44.2 Saturday, Jan. 5 Does corticosterone deposited in feathers in autumn predict circulating corticosterone during breeding? HANAUER, RE*; KETTERSON, ED; Indiana University; Indiana University email@example.com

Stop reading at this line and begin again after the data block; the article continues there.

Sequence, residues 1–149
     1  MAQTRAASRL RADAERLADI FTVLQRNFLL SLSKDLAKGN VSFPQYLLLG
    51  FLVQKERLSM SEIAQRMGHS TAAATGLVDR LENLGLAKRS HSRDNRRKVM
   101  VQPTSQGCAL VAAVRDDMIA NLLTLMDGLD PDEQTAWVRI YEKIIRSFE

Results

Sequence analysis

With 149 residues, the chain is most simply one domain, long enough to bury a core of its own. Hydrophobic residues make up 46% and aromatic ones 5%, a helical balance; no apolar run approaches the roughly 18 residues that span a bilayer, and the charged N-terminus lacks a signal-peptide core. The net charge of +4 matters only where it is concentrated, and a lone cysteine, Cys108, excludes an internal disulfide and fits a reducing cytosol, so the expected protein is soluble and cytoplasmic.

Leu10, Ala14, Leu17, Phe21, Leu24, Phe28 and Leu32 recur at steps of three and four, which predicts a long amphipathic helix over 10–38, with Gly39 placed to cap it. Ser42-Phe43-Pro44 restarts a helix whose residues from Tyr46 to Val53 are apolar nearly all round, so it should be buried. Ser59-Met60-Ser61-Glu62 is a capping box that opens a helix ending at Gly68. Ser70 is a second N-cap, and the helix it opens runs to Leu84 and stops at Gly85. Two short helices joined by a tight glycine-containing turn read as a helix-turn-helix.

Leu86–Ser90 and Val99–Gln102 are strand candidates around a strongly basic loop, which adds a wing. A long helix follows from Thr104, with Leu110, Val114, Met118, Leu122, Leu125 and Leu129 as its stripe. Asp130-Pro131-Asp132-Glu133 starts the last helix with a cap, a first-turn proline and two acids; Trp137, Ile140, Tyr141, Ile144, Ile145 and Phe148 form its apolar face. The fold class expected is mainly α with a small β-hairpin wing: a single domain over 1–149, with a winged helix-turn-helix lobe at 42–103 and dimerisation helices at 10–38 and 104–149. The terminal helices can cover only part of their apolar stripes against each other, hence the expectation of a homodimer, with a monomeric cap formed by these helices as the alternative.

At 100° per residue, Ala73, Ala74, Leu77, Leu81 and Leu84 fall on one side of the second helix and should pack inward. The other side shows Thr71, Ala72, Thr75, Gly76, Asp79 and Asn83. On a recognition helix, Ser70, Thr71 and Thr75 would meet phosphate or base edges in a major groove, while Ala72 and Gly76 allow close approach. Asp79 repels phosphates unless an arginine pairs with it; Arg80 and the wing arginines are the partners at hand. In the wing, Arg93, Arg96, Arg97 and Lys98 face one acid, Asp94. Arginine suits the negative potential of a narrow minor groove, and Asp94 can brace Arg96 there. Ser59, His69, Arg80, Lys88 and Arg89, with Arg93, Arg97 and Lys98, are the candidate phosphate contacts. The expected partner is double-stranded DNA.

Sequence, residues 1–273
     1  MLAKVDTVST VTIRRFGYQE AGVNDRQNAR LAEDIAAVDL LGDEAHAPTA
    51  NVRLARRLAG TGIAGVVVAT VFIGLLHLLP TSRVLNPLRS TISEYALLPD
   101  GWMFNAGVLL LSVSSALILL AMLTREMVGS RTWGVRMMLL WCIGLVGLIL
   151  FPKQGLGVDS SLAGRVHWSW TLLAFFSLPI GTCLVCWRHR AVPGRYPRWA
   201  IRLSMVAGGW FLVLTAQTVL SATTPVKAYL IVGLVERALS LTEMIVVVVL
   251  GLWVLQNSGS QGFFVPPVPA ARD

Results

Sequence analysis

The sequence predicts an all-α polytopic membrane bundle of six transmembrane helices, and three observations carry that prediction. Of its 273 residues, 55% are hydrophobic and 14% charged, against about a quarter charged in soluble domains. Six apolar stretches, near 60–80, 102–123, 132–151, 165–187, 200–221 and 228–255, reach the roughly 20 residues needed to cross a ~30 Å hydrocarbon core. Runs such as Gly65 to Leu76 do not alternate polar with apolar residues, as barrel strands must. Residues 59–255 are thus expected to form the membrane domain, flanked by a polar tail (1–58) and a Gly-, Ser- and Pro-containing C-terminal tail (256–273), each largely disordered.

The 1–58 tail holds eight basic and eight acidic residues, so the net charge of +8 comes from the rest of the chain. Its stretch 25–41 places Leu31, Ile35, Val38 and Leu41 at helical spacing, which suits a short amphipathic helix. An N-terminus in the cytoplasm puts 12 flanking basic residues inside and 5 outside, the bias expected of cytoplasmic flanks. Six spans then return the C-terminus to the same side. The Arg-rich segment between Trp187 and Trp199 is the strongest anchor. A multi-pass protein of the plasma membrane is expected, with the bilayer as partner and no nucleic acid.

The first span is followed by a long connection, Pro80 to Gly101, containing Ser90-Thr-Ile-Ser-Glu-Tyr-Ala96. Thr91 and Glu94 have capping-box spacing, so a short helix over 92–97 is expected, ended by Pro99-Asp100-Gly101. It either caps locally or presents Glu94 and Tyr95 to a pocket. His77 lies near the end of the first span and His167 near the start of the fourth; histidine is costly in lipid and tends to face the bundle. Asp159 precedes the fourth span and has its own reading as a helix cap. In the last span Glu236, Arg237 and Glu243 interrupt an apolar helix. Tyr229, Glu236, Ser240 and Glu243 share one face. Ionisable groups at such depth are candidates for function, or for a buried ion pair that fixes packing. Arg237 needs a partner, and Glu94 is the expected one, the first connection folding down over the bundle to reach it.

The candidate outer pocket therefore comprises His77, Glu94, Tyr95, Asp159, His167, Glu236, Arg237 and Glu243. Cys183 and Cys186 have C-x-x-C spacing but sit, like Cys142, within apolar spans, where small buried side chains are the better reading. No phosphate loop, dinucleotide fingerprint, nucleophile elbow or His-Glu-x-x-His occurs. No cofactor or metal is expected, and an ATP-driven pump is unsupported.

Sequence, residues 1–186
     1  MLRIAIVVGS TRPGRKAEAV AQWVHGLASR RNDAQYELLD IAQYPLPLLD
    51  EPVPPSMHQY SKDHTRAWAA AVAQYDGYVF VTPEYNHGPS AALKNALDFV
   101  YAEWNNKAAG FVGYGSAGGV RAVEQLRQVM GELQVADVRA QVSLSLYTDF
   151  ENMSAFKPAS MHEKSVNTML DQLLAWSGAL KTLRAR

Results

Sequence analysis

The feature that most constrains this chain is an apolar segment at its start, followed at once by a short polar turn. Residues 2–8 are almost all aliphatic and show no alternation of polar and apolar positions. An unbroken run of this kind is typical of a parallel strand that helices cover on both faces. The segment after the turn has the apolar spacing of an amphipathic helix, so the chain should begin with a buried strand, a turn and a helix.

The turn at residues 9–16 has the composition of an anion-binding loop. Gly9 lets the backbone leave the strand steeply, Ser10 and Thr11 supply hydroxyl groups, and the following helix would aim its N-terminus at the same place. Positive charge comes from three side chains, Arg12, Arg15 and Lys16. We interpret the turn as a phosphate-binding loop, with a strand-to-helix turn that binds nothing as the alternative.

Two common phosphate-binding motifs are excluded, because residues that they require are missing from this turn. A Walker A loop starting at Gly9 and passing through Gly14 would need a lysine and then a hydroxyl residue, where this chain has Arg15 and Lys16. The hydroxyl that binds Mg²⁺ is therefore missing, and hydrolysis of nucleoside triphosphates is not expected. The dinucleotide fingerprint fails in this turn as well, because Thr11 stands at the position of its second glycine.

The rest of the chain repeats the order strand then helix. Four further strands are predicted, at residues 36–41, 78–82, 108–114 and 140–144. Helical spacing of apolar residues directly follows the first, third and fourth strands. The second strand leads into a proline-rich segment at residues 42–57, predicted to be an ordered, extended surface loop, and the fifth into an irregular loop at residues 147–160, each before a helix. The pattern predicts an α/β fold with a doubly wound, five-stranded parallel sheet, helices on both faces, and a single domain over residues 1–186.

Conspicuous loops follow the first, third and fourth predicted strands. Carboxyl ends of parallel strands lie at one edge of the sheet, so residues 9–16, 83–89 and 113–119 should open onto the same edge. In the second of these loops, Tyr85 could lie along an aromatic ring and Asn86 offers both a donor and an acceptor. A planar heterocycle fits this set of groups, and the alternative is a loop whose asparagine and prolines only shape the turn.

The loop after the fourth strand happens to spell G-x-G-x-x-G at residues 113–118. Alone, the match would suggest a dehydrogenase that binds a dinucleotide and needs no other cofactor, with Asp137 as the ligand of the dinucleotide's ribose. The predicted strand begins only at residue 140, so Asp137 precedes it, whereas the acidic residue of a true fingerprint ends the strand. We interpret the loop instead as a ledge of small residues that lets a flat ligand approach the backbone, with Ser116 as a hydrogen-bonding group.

The adrenal steroid hormone corticosterone (CORT) is involved in the regulation of energy balance, behavior, and stress responses. Individuals differ in the degree to which they elevate CORT in response to acute stress, and in some species this has been shown to be a stable trait over the individual’s lifetime. In birds, CORT is generally measured by taking blood samples immediately after capture and again 30 minutes later. Interest has grown in measuring CORT extracted from feathers because it is not affected by the process of capture, and it provides a longer-term measurement integrated over the time it took the feather to grow. Feather CORT has been found to correlate with an individual’s elevated circulating CORT in response to an acute stressor. However, previous work reported circulating CORT during feather growth. It is unknown if this relationship holds in birds whose feathers grew months earlier. I compared hormone levels from feathers and blood samples to determine whether feather CORT might be a reliable predictor of circulating CORT during the breeding season. Wild male dark-eyed juncos (n=80) were captured during the breeding season at two sites in southern California. Blood samples were collected at 0 and 30 minutes after capture. One tail feather, which had grown the previous autumn during molt, was collected, along with measures of endo- and ecto-parasites. Results will reveal whether circulating CORT correlates with feather CORT deposited several months earlier in a wild passerine and which measure of CORT is a better predictor of the prevalence of parasites. This study will be useful to researchers interested in less-invasive methods, and will inform future research in the fields of animal personalities, eco-endo-immunology, and conservation.